The Government is Anxious to Help These SBA Loans Get Made
As a result of the sub-prime crisis and the resulting credit crunch, banks across the United States have greatly reduced their commercial real estate lending. The Federal government is desperate to pump money back out into the economy. One of the vehicles that they are aggressively using is the SBA loan program. As a commercial mortgage broker, you would be smart to get aggressively involved in SBA deals.
The Small Business Administration (SBA) does not actually make small business loans. Instead, the SBA merely guarantees up to 90% of the principal of certain business loans made by banks and other specialized SBA lenders. Two of the most popular SBA loan programs are the CDC/504 program and the SBA 7(a) program.
Under the SBA 7(a) program, an SBA lender will make a commercial real estate loan that is fully-amortized over 20 or 25 years. Right off the bat, this is a very attractive program because most commercial real estate loans have a loan term of only five to ten years.
The SBA will then guarantee up to 90% of this small business loan for the bank, and the bank will typically be able to sell the loan off in the secondary market at a handsome premium - often five to seven percent of the loan amount. A loan or a bond sells for a premium when it fetches more than the face amount of the debt, usually because the interest rate is higher than the market.
SBA 7(a) loans are written as adjustable mortgage loans tied to prime. The spreads will vary from a low of 1.5% over prime to a maximum of 2.75% over prime. The loan fee depends on the size of the loan and the type of collateral (equipment versus commercial real estate), but the fees usually run between 2 and 3 points.
Small business owners can borrow between $50,000 and $2 million using the SBA 7(a) program.
The really big advantage of the SBA 7(a) program is that the owners of existing small businesses can often get loans up to 90% of the purchase price in order to buy commercial real estate for their businesses. Commercial real estate loans up to 90% loan-to-value are pretty terrific today, especially when you consider that many conventional commercial real estate lenders have cut their loan-to-value ratios down from 80% to just 70% to 75%.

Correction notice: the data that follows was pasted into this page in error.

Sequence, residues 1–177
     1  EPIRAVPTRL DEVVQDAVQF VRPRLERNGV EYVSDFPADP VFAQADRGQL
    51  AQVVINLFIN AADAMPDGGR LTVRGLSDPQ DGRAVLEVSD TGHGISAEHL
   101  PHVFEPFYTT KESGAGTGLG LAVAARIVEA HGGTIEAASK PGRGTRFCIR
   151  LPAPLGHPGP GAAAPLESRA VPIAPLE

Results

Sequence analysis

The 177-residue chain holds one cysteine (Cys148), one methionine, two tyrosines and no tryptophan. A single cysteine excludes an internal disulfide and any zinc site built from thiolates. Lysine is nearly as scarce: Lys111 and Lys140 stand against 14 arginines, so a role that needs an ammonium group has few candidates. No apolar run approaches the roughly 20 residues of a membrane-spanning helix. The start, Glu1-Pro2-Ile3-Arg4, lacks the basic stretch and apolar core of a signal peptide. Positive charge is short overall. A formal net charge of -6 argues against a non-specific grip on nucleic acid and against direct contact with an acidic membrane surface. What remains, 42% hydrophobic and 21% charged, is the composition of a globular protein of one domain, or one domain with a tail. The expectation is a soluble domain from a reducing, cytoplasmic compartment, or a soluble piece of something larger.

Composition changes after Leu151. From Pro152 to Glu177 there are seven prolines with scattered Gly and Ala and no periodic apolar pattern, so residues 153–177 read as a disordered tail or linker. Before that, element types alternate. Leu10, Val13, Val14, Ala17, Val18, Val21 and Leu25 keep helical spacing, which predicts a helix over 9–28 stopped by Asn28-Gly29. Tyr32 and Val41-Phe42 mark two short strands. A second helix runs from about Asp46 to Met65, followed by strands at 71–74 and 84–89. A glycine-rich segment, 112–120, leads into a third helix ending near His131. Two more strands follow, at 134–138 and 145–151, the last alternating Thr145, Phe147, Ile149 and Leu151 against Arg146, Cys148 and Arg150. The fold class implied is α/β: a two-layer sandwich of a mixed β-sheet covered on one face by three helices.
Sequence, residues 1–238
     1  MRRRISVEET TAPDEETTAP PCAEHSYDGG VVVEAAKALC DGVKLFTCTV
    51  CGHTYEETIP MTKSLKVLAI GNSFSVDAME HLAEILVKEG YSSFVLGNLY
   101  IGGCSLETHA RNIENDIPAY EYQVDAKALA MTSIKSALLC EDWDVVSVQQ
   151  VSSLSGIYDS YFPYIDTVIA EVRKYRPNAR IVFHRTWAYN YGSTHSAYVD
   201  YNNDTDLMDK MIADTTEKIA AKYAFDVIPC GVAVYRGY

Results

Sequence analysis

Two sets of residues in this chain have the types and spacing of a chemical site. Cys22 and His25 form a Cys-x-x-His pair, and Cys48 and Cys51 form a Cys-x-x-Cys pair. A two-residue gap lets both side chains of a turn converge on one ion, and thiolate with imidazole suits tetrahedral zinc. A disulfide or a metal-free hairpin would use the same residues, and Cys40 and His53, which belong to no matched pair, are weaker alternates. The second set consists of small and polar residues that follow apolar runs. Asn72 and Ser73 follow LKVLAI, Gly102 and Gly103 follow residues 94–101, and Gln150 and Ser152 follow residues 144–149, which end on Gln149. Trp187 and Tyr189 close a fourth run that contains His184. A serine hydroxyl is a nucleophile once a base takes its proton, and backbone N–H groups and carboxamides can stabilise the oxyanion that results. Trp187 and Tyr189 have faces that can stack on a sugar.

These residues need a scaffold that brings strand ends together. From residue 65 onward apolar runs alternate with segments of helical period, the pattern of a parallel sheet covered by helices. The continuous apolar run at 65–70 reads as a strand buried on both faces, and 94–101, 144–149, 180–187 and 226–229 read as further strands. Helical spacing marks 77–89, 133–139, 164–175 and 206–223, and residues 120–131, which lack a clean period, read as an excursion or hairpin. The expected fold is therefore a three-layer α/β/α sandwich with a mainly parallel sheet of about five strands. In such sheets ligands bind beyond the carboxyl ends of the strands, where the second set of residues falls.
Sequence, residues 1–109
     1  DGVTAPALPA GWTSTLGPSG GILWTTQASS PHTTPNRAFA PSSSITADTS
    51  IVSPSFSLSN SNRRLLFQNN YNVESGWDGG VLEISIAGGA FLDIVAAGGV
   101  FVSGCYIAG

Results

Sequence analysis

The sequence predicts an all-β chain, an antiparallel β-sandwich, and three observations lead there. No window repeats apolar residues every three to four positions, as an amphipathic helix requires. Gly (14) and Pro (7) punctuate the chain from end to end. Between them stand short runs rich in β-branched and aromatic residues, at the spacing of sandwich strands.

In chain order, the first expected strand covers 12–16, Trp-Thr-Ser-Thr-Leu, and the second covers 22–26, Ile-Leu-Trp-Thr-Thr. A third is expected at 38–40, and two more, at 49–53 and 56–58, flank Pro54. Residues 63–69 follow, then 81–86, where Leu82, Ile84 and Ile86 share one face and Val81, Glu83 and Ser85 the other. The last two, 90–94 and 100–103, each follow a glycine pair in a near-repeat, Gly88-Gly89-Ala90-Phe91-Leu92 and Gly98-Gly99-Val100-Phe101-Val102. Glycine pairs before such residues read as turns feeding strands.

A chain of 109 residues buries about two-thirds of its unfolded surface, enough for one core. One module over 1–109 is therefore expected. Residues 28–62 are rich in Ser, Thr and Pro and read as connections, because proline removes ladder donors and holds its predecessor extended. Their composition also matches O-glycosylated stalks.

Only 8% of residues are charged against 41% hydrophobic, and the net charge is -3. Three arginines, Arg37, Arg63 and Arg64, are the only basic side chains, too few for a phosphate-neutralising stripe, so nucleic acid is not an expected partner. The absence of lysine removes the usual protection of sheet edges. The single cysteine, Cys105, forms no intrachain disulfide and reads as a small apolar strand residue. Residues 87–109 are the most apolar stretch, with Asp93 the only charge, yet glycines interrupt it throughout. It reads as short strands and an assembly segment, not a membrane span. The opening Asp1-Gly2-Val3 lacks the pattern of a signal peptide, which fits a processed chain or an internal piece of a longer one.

In order to qualify for an SBA 7(a) loan, the business owner must occupy, or intend to occupy, at least 51% of the commercial real estate being purchased. The commercial real estate cannot have a residential component. For example, if the target property consisted of an old home and a large warehouse, it probably could NOT be financed using SBA financing.
SBA 7(a) loans must be fully-collateralized. In other words, the SBA lender is likely to blanket all of the borrower's inventory, receivables and equipment. This makes it difficult for the business to obtain a business line of credit from a bank. In addition, the SBA lender will usually blanket the personal residence of the borrower.
Borrowers can also obtain SBA 7(a) loans for working capital, to purchase equipment or to acquire businesses or franchises. The required downpayments, however, are larger. Start-up borrowers will usually be required to put at least 20% down. More often they will be required to put 30% down.
Do you need an SBA loan right now? You can apply to over 100 SBA lenders for free in just four minutes using C-Loans.com.